modern technology: Australian iron ore being loaded onto ships
12th August 2015. This editorial on the ecological economics and social impacts of the global mining industry was published in the July/August edition of the socialist Hindi magazine Samayik Varta. Please click the link to read it in Hindi or download a PDF version of the article here: Prosperity or plunder? The real story behind the global mining industry
Prosperity or plunder?: The real story behind the global mining industry
Samarendra Das and Miriam Rose, Foil Vedanta
Foil Vedanta is a grassroots international solidarity group based in London. We aim to hold the FTSE 250 UK listed company Vedanta to account by building a global movement of communities opposing its operations, and using scholar activism to expose the real interests behind Vedanta and other mining companies. In 2014 our report Copper Colonialism: Vedanta KCM and the copper loot of Zambia, which followed our visit to Zambia, ignited protests and helped change Zambian mining policy.
A history of mining:
Scientists still don’t fully understand how the deposits of precious metal in the Earth’s surface were formed, but the most recent theory suggests that they were brought to the Earth by enormous meteors which smashed into the planet 200 million years after the earth formed (4.3 billion years ago). The earth’s crust is mostly made up of Oxygen (47%) and Silicon (28%), followed by Aluminium (8%) and Iron (5%). Other metals are much more rare; Copper makes up 0.01%, Zinc 0.004%, Lead 0.002%, Tin 0.001%, Thorium 0.001%, Uranium 0.0004%, Silver 0.00001% and Gold 0.000001%. Only a fraction of these percentages are to be found in densities which are economically viable to extract.
In other words, metals are a very rare and very precious resource on our planet, and are completely irreplaceable. However, in 2014, after only a century of industrial scale mining, the speed and scale of extraction of metals has become so immense that most metals are predicted to run out in the next few decades. For example between 1.1 and 1.3 billion tonnes of aluminium has been extracted historically (until 2014), and at the current extraction rate of 40 – 46 million tonnes per year the remaining 8 billion tonnes will be used up in 20 – 40 years.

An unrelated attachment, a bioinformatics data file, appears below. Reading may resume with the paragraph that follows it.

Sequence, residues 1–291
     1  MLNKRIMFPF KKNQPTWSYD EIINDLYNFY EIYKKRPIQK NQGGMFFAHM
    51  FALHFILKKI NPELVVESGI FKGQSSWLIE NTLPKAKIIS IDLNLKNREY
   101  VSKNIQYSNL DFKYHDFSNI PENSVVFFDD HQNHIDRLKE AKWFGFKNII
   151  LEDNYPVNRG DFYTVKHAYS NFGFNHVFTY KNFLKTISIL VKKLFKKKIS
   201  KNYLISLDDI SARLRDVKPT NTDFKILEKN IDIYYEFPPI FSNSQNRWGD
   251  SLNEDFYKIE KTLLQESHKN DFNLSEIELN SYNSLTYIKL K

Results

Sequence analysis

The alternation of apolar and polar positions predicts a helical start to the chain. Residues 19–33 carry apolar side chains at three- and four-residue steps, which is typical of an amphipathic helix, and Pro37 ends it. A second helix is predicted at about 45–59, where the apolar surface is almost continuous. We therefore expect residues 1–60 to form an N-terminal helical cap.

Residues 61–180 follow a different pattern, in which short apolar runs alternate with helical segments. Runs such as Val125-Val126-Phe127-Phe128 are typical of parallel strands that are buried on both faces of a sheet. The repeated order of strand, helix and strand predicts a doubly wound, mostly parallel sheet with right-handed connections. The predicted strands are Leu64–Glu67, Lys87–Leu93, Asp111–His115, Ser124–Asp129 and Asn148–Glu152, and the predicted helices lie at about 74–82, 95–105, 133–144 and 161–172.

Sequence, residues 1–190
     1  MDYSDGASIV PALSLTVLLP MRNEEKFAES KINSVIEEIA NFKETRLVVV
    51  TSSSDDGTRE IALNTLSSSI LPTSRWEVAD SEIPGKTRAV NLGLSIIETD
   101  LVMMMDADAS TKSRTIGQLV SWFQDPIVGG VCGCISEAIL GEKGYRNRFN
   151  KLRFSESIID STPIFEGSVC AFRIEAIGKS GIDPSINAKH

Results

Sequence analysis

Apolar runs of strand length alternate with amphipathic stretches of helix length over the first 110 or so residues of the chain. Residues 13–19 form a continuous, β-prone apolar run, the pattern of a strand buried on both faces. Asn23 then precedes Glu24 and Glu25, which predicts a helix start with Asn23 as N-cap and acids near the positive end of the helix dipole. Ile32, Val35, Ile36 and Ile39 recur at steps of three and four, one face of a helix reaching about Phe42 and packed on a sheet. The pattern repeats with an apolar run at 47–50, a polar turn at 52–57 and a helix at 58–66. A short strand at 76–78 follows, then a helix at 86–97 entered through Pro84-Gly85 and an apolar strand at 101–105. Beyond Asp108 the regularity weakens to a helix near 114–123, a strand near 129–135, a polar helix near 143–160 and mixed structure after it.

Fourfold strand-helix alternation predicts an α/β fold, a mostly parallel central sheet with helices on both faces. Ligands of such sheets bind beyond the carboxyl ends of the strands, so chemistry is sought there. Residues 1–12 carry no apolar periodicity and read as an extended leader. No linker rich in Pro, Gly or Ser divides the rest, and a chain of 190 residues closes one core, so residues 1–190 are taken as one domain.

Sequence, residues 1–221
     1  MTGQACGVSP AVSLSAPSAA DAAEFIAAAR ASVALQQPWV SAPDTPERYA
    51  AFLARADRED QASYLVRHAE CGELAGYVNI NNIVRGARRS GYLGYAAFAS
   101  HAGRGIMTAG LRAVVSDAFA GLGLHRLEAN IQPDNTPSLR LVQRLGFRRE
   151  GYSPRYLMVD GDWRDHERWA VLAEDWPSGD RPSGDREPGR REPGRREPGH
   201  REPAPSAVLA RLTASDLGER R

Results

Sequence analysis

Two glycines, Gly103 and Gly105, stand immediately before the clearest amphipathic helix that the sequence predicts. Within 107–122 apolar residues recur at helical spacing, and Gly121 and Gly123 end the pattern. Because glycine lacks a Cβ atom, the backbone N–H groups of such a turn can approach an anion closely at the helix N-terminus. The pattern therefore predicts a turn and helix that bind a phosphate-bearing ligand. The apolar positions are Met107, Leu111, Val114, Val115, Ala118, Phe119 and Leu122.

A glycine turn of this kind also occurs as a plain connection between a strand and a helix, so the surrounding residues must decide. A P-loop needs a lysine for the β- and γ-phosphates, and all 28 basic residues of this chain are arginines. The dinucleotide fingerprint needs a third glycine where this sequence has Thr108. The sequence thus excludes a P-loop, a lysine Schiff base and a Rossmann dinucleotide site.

Sesa Goa mine waste flood at the peak of the mining boom in 2009
14th July 2015. Krishnendu Mukherjee, Barrister and Advocate at Doughty Street Chambers, has been very involved in exposing the gross scale illegal mining carried out by Vedanta subsidiary Sesa Goa, and other iron ore miners in Goa. This article is a detailed analysis of the manipulations of legal procedures and previous judgements by mining companies and their government and judicial stooges, currently taking place in a desperate attempt to re-start mining in Goa.
Sesa Goa’s Sanquelim mine, a demonstration site of proper mine closure, but Sesa Goa have not reclaimed any of their other closed mines.
Meanwhile in Goa, mining dumps which are the result of illegal mining are being auctioned off, and local residents in Caurem claim that companies are taking away twice the amount of reject ore-bearing material as they are buying. Once a mine lease is terminated mined land should be reclaimed by the leasing company (as according to mine closure plans) and then returned to the state. However in a recent interview published in The Hindu’s Business Line, Vedanta CEO Tom Albanese is quoted as saying: “We are waiting for clarification on some environmental issues. We have been dumping waste on the land we bought, but we have been permitted to dump waste outside lease areas. We want clarification on whether it will be a proper mining practice to do so.” This slip of the tongue by Albanese raises an important question: Do mining companies intend to enact Mine Closure Plans and give the leased land back to the state at all? If not will they attempt to develop the land or sell it on to another buyer? These are important questions to be asked in Goa, where 18% of the state is affected by mining.
A Critical Legal History of Mining in Goa
by Krishnendu Mukherjee
On the 12.8.11, the High Court of Bombay at Goa, delivered a landmark judgment in relation to environmental protection. In Shankar Raghunath Jog v Talaulicar and Sons Pvt Limited and Union of India PILWP 6/2011, the High Court interpreted the Environmental Impact Assessment Notification (EIA) 1994, Paragraph III (c) provides the following:
“The [environment] clearance granted shall be valid for a period of five years from the commencement of the construction or operation of the project.”